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‘More to do’ to capitalise on Chinese tourist spend

The government must do more to help retailers capitalise on the opportunity Chinese tourists present to the UK, experts have said.

Spending from Chinese shoppers soared 45% in July compared to the same period in 2014, according to Visa. Its customers spent £50m on Visa cards in the UK during July, overtaking France and Australia to become the second highest spending tourists behind Americans.

The spike comes after new streamlined visa procedures were introduced for Chinese nationals who want to visit both the UK and the wider Schengen area. The pilot scheme allows Chinese tourists to apply for visas for the UK and Belgium through a single visit to application centres in Beijing, Guangzhou and Shanghai.

But observers said this was just the first step. Gordon Clark, UK country manager of tax-free spending firm Global Blue, said: “The tie-up with Belgium has streamlined the process for visitors, but Belgium only issues around 14,000 Chinese Visas a year. The big ones like France, Italy and Germany would open up the door to millions. We need to keep pressure on the rest of Europe.”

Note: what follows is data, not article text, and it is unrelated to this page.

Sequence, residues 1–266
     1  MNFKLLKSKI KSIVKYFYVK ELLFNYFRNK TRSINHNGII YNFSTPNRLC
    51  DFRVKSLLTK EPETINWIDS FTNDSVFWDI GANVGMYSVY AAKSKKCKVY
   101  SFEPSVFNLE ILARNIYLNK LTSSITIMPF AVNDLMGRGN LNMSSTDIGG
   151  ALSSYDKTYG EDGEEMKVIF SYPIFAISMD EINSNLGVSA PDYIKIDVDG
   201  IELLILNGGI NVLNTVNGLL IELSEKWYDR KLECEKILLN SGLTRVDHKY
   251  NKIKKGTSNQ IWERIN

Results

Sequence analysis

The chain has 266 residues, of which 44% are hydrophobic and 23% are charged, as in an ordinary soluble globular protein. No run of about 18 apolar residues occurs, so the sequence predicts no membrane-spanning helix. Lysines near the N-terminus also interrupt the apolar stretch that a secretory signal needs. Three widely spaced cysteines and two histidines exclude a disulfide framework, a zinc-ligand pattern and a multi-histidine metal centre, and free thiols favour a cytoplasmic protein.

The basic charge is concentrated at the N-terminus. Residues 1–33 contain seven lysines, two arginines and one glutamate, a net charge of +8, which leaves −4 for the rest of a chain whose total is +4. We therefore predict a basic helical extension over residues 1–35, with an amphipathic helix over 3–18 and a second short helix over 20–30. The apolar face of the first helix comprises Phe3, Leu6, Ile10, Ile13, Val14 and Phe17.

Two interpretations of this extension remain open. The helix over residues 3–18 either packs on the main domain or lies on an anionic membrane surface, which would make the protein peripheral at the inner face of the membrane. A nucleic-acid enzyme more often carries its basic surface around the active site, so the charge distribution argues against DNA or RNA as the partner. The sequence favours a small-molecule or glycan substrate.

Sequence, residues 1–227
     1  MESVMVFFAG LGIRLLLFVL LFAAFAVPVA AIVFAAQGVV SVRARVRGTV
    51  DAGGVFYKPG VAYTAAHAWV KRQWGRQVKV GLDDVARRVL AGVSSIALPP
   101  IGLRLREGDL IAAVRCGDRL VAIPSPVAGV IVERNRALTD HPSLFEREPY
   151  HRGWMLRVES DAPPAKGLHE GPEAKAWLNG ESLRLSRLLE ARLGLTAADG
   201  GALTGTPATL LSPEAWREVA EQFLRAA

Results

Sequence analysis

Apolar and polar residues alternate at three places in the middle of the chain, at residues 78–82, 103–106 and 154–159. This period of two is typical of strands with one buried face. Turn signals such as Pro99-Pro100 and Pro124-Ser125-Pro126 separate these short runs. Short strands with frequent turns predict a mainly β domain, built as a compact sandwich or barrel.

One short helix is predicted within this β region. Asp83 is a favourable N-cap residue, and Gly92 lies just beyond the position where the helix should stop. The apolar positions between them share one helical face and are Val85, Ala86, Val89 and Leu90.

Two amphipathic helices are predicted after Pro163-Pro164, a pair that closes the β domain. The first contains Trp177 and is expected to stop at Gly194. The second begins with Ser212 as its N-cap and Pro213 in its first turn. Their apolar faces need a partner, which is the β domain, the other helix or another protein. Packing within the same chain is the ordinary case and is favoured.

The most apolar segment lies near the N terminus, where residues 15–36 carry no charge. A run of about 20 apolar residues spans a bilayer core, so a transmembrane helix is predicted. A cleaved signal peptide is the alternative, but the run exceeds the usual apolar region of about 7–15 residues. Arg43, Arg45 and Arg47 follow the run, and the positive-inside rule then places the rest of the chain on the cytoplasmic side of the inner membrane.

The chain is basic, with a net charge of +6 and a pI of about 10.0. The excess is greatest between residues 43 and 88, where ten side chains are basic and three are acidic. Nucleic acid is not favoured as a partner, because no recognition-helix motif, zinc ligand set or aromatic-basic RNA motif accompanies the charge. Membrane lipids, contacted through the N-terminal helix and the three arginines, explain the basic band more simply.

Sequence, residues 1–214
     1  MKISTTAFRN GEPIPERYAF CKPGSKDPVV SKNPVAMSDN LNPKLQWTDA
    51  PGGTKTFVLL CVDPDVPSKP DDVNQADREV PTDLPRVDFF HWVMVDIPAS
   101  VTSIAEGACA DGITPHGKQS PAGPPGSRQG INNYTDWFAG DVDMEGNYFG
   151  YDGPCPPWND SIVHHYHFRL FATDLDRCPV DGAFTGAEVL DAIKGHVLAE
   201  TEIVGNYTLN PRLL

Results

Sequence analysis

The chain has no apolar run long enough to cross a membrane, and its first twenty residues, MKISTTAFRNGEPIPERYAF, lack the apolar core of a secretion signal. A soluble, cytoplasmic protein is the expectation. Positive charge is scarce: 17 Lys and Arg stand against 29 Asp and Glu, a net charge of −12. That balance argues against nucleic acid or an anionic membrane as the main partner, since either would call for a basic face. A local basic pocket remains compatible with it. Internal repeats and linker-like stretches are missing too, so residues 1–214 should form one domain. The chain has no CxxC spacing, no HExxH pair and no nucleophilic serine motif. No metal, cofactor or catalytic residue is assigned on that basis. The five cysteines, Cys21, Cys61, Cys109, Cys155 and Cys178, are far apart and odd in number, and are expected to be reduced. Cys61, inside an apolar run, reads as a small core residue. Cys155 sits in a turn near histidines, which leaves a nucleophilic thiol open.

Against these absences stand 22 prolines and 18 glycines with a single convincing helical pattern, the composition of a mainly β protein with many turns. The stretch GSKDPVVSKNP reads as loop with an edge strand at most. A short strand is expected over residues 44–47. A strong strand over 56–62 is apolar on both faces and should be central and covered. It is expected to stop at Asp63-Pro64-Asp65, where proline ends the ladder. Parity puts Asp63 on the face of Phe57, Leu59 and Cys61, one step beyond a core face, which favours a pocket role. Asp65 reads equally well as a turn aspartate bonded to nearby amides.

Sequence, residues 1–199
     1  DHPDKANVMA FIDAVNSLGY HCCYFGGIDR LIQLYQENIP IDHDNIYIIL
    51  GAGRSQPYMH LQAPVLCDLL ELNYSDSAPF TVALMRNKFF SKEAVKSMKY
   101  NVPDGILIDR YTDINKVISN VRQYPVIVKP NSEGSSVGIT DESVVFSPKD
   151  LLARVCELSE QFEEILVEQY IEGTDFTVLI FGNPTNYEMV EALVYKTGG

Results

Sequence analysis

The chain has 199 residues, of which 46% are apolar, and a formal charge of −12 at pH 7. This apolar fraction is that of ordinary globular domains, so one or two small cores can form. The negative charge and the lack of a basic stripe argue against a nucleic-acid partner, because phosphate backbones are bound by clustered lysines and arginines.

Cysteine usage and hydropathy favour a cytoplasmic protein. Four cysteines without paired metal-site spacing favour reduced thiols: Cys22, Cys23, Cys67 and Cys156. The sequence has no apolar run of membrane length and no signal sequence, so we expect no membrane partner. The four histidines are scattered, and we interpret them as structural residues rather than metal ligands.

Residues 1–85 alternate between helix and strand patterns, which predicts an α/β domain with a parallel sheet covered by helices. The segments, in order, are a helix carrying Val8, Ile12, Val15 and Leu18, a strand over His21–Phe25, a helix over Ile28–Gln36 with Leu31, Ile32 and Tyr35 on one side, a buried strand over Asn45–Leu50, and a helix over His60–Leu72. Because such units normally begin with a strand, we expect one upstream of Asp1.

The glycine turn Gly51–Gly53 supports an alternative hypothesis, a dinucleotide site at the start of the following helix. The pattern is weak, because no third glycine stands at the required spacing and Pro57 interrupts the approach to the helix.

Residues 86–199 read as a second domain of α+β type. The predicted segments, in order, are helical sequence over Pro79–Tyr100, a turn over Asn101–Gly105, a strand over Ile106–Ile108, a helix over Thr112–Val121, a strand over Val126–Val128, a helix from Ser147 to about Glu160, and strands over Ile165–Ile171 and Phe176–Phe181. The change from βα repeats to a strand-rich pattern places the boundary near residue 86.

The managing director of one London department store agreed: “Unfortunately, the Chinese spend eight times more in France than the UK so it’s only a minor skirmish win, rather than the war.”

Clarke also argued the need to invest in increasing awareness of the UK in China: “They are the biggest spenders here. At the moment we don’t know the full effect of the devaluation [last week] of the yuan, but it will ultimately make luxury goods cheaper to buy in China so it will hit the UK. We need to be rolling out the red carpet and letting China know we are open for business.”

Jace Tyrrell, director at New West End Company, which represents retailers on Bond Street, Oxford Street and Regent Street in London, agreed: “We need to see a bigger proportion of Chinese tourists coming into Europe. There are other avenues we should look at too, like a 10-year visa [rather the current six-month visa]. Despite the fluctuations in currency at the moment, in the medium to long term the Chinese will be among our biggest spenders for decades to come.”

Credit agency Moody’s predicts Chinese growth will slow from 7.4% last year to 6.8% this year and 6.5% in 2016, falling towards 6% in subsequent years. 


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